10.  Little Mix – “Bounce Back”

This is the lead single from their upcoming sixth album, so number 10 is on the low side.  But then it’s really not much cop.  The chorus is recycled from Soul II Soul’s “Back To Life”, a number 1 in 1989, and a vastly superior record.  Pretty  much everything else about this track is just an incoherent pile-up.

“Never Really Over” by Katy Perry – which entered at 13 two weeks ago – climbs up to 12, so this one is indeed sticking around beyond fanbase sales.

13.  Drake featuring Rick Ross – “Money in the Grave”
33. Drake – “Omerta”

These two tracks were released together as “The Best In The World Pack”, apparently in commemoration of the Toronto Raptors winning some sports thing or other.  Anyway, that’s not how singles really work together in 2019, they register separately on the chart.  For some reason, “Money in the Grave” – which is track two – does significantly better.  It can’t be thanks to the guest shot by Rick Ross; this is only the second time he’s got a credit in the top 40.  (The first was for guesting on a Chris Brown single, “New Flame”, in 2014.)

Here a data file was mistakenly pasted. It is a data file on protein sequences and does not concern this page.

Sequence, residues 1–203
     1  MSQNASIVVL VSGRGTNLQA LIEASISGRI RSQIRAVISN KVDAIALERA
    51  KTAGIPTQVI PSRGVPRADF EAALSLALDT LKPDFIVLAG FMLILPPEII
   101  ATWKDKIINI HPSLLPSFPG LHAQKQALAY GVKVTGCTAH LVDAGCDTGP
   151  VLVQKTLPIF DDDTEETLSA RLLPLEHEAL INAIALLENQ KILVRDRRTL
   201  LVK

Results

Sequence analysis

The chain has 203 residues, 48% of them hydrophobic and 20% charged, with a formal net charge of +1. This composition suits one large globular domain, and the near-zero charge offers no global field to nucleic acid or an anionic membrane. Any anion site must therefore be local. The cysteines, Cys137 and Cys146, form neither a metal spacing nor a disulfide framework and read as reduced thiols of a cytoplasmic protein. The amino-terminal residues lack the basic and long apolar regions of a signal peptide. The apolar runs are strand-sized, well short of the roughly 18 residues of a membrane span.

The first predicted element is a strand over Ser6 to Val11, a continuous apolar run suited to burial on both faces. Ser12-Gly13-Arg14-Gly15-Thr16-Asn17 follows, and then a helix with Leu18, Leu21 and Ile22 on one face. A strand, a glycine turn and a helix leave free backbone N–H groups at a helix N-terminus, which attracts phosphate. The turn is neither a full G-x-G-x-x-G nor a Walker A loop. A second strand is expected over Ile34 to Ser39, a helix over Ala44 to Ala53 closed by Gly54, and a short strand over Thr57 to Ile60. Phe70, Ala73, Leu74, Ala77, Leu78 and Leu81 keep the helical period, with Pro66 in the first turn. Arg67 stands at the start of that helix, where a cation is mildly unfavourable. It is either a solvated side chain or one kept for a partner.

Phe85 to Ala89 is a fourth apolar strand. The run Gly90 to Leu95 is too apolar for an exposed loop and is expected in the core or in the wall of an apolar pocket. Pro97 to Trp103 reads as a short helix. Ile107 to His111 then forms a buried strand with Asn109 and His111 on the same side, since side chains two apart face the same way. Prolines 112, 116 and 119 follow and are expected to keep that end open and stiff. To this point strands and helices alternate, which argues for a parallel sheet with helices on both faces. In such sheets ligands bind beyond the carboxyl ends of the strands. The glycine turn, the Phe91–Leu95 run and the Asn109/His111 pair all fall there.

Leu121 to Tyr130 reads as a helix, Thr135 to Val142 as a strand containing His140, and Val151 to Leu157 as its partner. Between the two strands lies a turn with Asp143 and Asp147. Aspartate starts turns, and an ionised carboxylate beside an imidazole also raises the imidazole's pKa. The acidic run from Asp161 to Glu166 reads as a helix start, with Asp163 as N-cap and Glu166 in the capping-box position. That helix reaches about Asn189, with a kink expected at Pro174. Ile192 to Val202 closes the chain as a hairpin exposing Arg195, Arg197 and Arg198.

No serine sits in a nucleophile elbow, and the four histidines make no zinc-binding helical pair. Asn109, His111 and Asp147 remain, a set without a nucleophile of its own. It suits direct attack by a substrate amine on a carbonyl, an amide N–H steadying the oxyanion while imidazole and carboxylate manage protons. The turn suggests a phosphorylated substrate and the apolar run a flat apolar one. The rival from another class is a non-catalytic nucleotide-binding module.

And that’s it on the singles chart, aside from the remaining climbers: “Wish You Well” by Sigala & Becky Hill moves 15-14 and “Mad Love” by Mabel goes 181-16.  None of this is exactly earth-shattering movement.  “One Touch” by Jess Glynne & Jax Jones climbs 23-19 – it has a rather mawkish video now – and “3 Nights” by Dominic Fike jumps a more notable 31-21.  “Ladbroke Grove” by AJ Tracey climbs 26-22, and “Strike A Pose” by Young T & Bugsey featuring Aitch climbs 30-25.

On the album chart:

1.  Bruce Springsteen – “Western Stars”

This is his eleventh number one album; the last one was 2014’s “High Hopes”, the first 1984’s “Born in the USA”.  Only five artists have had more number one albums: The Beatles, Elvis Presley, Madonna, the Rolling Stones and Robbie Williams.  Bruce shares sixth place with David Bowie.  The title track is rather pleasant, though maybe a bit long for something so simple.

2.  Madonna – “Madame X”